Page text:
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As a child of the television culture, I‘ve seen just about every sort of gruesome or tragic event replayed or re-enacted by reality-based TV, or by the evening news. You’d think that this bloody overkill would have desensitized me when the real thing happened in front of me. Isn‘t desensitization what politicians cite as a root cause of violence?

Well, guess what? I’m not as desensitized as I thought — though I was ashamed to discover how uncaring the institutions of our city can be.

The journey to this epiphany began at 9 p.m. on Thursday, March 30, as I was making my way out the door of the community center where I attend an A.A. meeting. The intensity runs high during our 90-minute gatherings, and so most people, me included, like to unwind outside the front door — some smoking, some chatting, some hanging out waiting for rides. Directly across Bates Avenue is the bedraggled Sunset Pacific Motel. Which, for some of the assembled, harbors nasty memories that bear directly on their need to be in A.A. Some people know of the place as “the Adult Movies motel” after a sign that promotes this attribute; others as the “Bates Motel,” re-christened in homage to Hitchcock‘s Psycho.

Just then, a resident on the motel’s second floor decided to put on a little burlesque. Gyrating as if on a runway, she writhed and wiggled at the window, and soon the whole group was fixated. Making her way to the window, she leaned out and removed her top, flashing her breasts over the railing. “Ignore her,” someone shouted. “Maybe she‘ll stop.”

But she just got more agitated, doing a kind of spastic ostrich dance that was impossible to look away from. Then she lifted her left leg out the window and threw her head back a little, in a vampy way, and at that point I knew what was going to happen, as if it had been pre-ordained, but I could do nothing to stop it. Despite admonitions from the crowd to “Get back in the room,” she lifted her other leg out the window, as if there were a ledge or balcony beneath it.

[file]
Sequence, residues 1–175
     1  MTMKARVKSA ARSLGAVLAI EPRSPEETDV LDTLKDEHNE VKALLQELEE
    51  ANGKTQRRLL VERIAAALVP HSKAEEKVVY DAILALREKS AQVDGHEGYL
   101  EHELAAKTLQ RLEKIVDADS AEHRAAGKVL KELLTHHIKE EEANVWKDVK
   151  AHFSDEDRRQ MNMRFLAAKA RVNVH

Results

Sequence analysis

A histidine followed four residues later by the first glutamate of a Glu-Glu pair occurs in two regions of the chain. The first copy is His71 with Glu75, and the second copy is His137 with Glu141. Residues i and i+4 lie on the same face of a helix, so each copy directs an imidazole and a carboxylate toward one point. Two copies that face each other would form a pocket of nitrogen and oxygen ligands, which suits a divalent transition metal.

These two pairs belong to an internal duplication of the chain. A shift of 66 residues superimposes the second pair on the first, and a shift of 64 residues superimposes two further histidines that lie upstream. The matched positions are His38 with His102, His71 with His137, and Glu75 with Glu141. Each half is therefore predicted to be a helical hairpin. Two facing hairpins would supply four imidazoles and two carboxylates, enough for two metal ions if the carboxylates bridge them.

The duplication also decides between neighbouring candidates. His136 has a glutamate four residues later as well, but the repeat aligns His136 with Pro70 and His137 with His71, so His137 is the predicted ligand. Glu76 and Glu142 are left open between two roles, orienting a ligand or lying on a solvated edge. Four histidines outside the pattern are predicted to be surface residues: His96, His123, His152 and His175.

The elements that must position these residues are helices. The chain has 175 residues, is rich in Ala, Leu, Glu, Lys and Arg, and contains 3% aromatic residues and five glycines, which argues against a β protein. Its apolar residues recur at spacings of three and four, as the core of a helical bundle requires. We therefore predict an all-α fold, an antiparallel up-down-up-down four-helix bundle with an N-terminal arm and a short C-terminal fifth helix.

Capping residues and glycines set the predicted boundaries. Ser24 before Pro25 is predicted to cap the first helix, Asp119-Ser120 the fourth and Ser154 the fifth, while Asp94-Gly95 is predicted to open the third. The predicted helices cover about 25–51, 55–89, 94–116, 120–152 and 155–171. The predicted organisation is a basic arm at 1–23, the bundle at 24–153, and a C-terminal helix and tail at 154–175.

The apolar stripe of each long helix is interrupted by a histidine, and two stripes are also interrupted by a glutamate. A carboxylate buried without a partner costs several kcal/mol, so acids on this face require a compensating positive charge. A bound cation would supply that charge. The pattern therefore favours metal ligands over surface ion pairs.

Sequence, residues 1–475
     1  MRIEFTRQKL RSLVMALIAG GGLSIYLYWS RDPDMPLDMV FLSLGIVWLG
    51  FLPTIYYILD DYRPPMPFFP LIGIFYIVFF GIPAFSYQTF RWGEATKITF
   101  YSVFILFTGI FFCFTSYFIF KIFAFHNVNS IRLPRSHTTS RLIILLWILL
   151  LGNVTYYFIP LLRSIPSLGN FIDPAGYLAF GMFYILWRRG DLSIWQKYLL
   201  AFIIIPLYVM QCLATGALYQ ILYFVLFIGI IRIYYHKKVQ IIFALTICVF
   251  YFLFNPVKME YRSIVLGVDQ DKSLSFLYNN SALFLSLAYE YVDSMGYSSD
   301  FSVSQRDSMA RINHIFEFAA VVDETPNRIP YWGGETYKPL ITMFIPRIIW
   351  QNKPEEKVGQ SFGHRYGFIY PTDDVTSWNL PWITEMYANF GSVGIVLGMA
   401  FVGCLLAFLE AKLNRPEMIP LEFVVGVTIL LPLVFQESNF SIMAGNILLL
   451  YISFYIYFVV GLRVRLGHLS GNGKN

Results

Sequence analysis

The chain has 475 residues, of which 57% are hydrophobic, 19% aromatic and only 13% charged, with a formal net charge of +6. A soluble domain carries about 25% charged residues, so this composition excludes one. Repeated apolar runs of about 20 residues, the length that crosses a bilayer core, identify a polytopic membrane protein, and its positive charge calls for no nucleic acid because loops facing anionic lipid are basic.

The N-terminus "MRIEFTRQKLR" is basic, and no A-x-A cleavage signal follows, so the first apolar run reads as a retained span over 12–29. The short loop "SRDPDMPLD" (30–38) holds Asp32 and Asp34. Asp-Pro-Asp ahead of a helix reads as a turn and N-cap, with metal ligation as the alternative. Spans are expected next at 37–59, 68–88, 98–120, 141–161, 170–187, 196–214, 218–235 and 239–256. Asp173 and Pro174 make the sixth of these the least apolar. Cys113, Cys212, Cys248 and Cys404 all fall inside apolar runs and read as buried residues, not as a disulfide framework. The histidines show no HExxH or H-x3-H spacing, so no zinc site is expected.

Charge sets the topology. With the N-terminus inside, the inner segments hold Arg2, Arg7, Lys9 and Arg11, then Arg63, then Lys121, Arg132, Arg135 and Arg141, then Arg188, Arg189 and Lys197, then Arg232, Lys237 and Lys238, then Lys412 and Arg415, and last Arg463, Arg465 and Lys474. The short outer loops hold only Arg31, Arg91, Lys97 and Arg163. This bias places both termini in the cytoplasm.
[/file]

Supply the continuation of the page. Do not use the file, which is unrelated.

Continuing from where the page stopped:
There wasn’t.

She fell, arms flailing for the second it took to hit the concrete two-and-a-half stories down, hips first, then head slamming onto the pavement. Two sounds — that of pelvis snapping on driveway, and the screams of the assembled — are indelible in my brain. No Hollywood sound effect I‘ve heard sounds like the real cracking of bones. I staggered about, punch drunk, for about 30 seconds, choking back vomit and hyperventilation before making my way, with other witnesses, to her contorted body, semi-fetal at the base of the building.

My friend Will ascertained a weak pulse, and someone with a cell phone got through to the LAPD, while I and a few others ran up to Sunset Boulevard to flag down a black-and-white. Five minutes after the police arrived, the Fire Department and paramedics came. The ambulance headed east down Sunset, passing me as I headed home.

Nothing — not calls, not talking about it, not pacing, not meditating — could erase the endless replay of the fall. Like a tape loop in the brain, rewinding and revising, and self-recriminating: Why didn’t we stop looking at her? Why didn‘t we scream louder to keep her in the room? And that damned crash and crack. Finally, at about 3 a.m., I passed out.

The next day, Friday, I decided to find out what had happened to the deranged ballerina of Bates Avenue. I knew it would help to have a name to ask for at the hospital, so I returned to the motel, notebook in hand, sought out the night manager, and came away with a name and a room number, 204. I learned, too, that “Thor Little” had been released from county jail that Thursday morning and, most strikingly, that Thor was male. Armed with that knowledge, I assumed that the CountyUSC Medical Center would have the same information and could provide the whereabouts of Mr. Little.

Couldn’t and wouldn‘t. There was no one by that name at County, and when I asked about patients admitted the night before, I was stonewalled, as per the official policy to protect privacy. Finally, I weasel-worded an E.R. attendant into searching Thursday night’s roster of events (which is against policy also) and learned that the person they‘d brought in with massive head trauma from a fall was listed in surgical ICU, Room 9300, as a John Doe — or, in this case, a John Doe listed as “Paul M 52.”